Having looked at some old and new poetry in Welsh and Irish in the last two installments of this series, we'll now look at some verses from a Celtic language likely to be less familiar to most readers of Keltria.
Breton, or Brezhoneg, is the Celtic language of Brittany. Brittany, anciently known as Armorica, is across the English Channel from Britain, just south of Cornwall, and is currently part of the French state.
Breton is a member of the Brythonic branch of the Celtic language family, and is thus closely related to the two other living Brythonic languages, Welsh and Cornish, especially the latter. It has been suggested that the Breton language is the direct descendant of the Celtic language of the Gauls (of what is now present-day France), but the relationship between Breton, Welsh and Cornish is too close to support this hypothesis. All three descend from the Celtic language spoken in early Britain, and developed independently when the various British-speaking communities became isolated from each other as a result of the Anglo-Saxon invasions.
Political history has affected Breton and Breton literature in other ways as well. The last Breton-speaking ruler was in the eleventh century, and Breton thenceforth became a language spoken solely by the common people. As a language without aristocratic support and patronage, Breton did not retain or the sophisticated literary outpourings parallel to those preserved in early Welsh and Irish. Extant Old Breton examples are mostly lists, glosses and names, and the first significant literary texts in Middle Breton are after the fifteenth century, mostly religious material and mystery plays.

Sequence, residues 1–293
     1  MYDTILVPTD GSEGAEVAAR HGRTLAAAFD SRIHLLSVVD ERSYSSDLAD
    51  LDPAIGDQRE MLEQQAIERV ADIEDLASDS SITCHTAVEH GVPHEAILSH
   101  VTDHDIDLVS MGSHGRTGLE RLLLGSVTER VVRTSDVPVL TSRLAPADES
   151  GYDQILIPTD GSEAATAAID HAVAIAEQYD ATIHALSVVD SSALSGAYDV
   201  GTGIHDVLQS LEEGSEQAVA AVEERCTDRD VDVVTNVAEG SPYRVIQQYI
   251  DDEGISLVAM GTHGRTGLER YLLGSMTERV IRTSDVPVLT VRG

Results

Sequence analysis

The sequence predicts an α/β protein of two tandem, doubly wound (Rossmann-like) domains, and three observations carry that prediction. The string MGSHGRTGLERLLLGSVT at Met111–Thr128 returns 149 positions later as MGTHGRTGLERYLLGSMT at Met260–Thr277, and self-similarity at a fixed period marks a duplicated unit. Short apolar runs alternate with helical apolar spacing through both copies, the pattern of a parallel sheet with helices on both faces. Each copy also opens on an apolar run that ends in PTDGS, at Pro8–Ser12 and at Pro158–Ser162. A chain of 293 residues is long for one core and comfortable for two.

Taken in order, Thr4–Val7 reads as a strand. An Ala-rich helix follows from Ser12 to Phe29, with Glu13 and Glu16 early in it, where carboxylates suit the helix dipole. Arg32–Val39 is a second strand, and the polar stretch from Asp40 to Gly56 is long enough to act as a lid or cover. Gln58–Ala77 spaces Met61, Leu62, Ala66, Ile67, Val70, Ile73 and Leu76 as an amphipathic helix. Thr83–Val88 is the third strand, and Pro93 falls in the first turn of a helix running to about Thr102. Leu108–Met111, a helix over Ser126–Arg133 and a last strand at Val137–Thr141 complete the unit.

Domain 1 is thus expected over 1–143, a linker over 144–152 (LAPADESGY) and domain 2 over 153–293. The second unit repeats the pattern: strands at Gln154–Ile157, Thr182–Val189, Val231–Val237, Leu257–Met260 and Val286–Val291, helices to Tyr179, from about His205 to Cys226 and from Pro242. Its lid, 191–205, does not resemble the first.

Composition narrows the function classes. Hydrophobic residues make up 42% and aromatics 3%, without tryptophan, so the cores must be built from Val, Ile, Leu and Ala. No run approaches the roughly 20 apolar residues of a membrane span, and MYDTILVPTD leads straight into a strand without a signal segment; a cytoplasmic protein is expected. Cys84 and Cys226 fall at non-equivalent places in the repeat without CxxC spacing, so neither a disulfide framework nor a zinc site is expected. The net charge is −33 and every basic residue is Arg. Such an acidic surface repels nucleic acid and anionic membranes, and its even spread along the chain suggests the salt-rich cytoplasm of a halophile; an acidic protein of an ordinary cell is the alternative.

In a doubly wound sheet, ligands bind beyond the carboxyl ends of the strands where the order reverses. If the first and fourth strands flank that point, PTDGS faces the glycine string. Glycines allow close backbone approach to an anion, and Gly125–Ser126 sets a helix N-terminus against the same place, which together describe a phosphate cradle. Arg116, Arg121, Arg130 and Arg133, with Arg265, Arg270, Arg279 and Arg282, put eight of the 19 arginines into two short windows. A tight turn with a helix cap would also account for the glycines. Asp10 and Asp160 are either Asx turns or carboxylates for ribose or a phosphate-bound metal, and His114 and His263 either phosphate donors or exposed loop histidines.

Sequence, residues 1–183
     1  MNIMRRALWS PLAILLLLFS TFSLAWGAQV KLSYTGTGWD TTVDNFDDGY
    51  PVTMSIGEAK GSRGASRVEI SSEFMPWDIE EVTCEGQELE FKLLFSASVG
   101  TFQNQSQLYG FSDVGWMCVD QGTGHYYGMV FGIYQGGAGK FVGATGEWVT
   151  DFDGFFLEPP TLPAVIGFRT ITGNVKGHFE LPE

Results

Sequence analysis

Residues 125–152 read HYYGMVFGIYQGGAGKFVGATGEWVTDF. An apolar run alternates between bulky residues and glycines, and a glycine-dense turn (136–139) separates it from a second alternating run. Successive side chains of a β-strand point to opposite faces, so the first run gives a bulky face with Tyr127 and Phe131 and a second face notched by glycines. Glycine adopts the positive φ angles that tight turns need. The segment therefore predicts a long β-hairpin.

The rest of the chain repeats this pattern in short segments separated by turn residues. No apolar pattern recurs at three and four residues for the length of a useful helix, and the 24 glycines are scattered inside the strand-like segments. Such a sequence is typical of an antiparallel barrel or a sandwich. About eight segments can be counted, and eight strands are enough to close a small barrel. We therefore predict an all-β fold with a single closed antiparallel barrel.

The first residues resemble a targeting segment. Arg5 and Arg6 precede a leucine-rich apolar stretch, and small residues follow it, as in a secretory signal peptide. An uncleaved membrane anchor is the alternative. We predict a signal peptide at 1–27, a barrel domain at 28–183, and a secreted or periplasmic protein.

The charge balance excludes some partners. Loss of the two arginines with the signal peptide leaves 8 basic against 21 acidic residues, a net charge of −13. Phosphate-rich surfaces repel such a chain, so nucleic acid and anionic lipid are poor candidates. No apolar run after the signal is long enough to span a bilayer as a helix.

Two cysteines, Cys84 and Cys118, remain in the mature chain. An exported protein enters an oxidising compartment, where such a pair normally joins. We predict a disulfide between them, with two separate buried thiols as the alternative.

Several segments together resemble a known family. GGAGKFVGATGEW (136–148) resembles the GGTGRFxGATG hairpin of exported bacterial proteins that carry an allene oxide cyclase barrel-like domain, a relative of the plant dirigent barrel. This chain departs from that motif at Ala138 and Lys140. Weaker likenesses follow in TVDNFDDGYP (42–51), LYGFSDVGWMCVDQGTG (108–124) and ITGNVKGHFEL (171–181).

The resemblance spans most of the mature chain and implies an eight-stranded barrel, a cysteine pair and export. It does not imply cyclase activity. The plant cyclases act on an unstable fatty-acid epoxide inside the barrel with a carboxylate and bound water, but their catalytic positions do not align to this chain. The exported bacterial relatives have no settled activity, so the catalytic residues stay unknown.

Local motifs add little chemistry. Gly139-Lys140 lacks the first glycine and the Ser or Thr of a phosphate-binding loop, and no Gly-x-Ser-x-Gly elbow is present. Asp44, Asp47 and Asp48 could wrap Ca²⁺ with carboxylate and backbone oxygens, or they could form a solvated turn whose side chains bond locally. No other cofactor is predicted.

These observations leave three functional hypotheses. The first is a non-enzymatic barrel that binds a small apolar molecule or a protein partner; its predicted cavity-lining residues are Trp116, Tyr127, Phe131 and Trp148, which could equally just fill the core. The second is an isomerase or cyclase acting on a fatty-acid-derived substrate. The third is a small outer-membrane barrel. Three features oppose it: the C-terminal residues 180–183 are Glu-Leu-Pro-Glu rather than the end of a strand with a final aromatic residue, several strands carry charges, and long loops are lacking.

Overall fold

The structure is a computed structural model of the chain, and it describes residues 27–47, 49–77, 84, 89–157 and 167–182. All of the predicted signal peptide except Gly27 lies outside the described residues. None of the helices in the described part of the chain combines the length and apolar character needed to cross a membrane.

Nevertheless, Brittany has made irreplaceable
contributions to the legendary and mythic side of the Celtic world. The
living folk traditions of Brittany, along with those of Gaelic Scotland,
are the most deepest and most intact in the Celtic world. The tales of
Arthur and the Matter of Britain, too - one of the more influential elements
of Celtic origin on European literature - are due to the Bretons, as it
was through Breton bards that the tales came to the attention of the Norman
aristocracy, and thence to the consciousness of mainstream Europe.
ways to work with Celtic-language verse, in order to help you experience
the poetry on as many levels as possible (see Labara
4, for a more detailed list):
||The modern Breton literary
revival was stimulated by the publication in 1839 of Barzaz-Breiz
, a collection of ballads and songs, by Theodore Hersart de la VillemarquÈ
(known in Breton as Kervarker). Although much of its claim to be genuine
ancient tradition was disproved, it directly stimulated the study of genuine
Breton folksong and folklore by such scholars as FranÁois-Marie
Luzel and Anatole Le Braz. More recently, with access to Kerverker's notebooks,
it has been shown that while material has been added and rewritten, there
is a solid core of genuine folksong and folk tradition.